Master of Music: Piano Performance & Pedagogy ?· Acceptance into the Master of Music in Piano Performance…

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  • Academic Courses (11 hours) Credit Hrs

    Bibliography

    MUSC 6010 Music Bibliography 2

    Choose a total of 9 hours from Musicology and Music Theory courses: 9

    Musicology Choose one or two courses from the following: 3-6

    MUSC 6610 Music Literature: Renaissance

    MUSC 6620 Music Literature: Baroque

    MUSC 6630 Music Literature: Classical

    MUSC 6640 Music Literature: Romantic

    MUSC 6650 Music Literature: 1900-Present

    MUSC 6660 Music Literature: American Music

    MUSC 6670 Symphonic Literature

    MUSC 6680 Opera Literature

    or Research Seminars with permission of instructor (MUSC 6800,

    6801, 6802, 6803, 6804, 6890)

    Music Theory Choose one or two courses from the following: 3-6

    MUSC 6550 Advanced Formal Procedures of the 18th/19th Centuries I

    MUSC 6520 20th/21st Century Analysis I

    MUSC 7510 Theory Pedagogy

    Area of Specialization (25 hours)

    MUSC 6190 Advanced Private Lessons (2 semesters) 6

    MUSC 6060 Advanced Piano Pedagogy I 2

    MUSC 6061 Advanced Piano Pedagogy II 2

    MUSC 6366 Advanced Teaching Seminar I 2

    MUSC 6367 Advanced Teaching Seminar II 2

    MUSC 6380 Advanced Piano Literature I 3

    MUSC 6381 Advanced Piano Literature II 3

    MUSC 6920 Masters Performance I 1

    MUSC 6930 Masters Performance II/Pedagogy Lecture Recital 1

    Electives Choose 3 hours from the following: 3

    MUSC 6100 Career Development I

    MUSC 6790 Seminar in Music Education

    MUSC 6190 Advanced Private Lessons

    MUSC 6730 Musical Development and Musical Learning

    _______

    Total Credit Hours 36

    Master of Music:

    Piano Performance &

    Pedagogy Program Guidelines

    Revised August 8, 2017

  • Acceptance into the Master of Music in Piano Performance & Pedagogy

    To be considered for admission to the MM in Piano Performance & Pedagogy, applicants must meet the following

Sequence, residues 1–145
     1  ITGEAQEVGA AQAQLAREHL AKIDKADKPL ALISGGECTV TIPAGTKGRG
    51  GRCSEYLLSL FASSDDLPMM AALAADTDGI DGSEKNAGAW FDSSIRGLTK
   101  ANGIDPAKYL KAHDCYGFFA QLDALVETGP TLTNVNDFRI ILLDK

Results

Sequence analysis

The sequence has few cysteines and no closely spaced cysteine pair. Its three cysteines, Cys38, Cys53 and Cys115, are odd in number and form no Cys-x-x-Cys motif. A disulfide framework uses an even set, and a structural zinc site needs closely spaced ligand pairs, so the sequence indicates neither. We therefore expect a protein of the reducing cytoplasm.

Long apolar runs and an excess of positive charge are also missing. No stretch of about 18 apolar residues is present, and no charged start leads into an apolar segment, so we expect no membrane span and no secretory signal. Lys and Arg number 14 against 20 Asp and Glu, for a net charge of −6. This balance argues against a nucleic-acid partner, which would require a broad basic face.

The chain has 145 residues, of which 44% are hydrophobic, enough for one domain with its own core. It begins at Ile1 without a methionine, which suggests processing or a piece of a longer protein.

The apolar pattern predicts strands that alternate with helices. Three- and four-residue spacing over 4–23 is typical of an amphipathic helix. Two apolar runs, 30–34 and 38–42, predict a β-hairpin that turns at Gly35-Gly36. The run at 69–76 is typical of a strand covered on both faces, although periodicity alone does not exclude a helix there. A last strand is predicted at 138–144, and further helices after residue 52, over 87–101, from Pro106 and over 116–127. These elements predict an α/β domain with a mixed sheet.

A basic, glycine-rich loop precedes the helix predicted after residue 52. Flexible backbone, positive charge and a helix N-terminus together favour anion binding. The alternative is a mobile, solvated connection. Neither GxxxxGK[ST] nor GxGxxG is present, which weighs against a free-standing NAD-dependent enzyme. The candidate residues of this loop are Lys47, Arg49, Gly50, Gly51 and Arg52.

minimum requirements:

    1. Hold a Bachelors degree in music from an accredited institution. 2. Have a cumulative grade point average of 3.0 in all previous collegiate work. 3. Score an 85 or higher on the TOEFL iBT (international applicants only).

    Complete the following steps to apply to the MM:

    1. Submit the online Graduate Admissions application. As part of this application MM applicants need to upload:

    a. Transcripts of course work from all schools attended. b. Three letters of recommendation from professors, employers, and/or other professionals qualified to

    judge the applicants ability to successfully complete doctoral studies.

    c. Statement of Purpose, including future goals. d. Repertoire list of works performed (both solo and concerto). e. TOEFL score, if applicable.

    2. Complete a 20-minute audition. The candidate will offer a 30-40 minute program of music. The piano faculty may choose to hear all or any portion of the repertoire. The audition should include music from at

    least three representative periods. The following are offered as guidelines:

    a. Baroque Bach: Preludes and Fugues, Partitas, English Suites, Italian Concerto or other substantial work.

    b. Classical Beethoven, Mozart, Haydn: First or last movements from sonatas. c. Romantic Chopin: Impromptu, Polonaise, Scherzo or Ballade; Schubert: Impromptu, sonata

    movements.

    d. Impressionist Debussy: Etudes or Preludes; Ravel: Sonatine, Gaspard de la Nuit, Tombeau de Couperin, Mirror (all or selected).

    e. 20th/21st Century Discretion of the candidate. 3. Have an interview with the piano faculty.

    Graduate Placement Exams

    Placement examinations in Music History and Music Theory are taken after the student has been accepted by

    Graduate Admissions. Preparation materials are available on the School of Music website. Placement examinations

    must be taken prior to registering for Music History and Music Theory courses.

    Results of graduate placement exams determine placement in graduate courses and identify areas in which remedial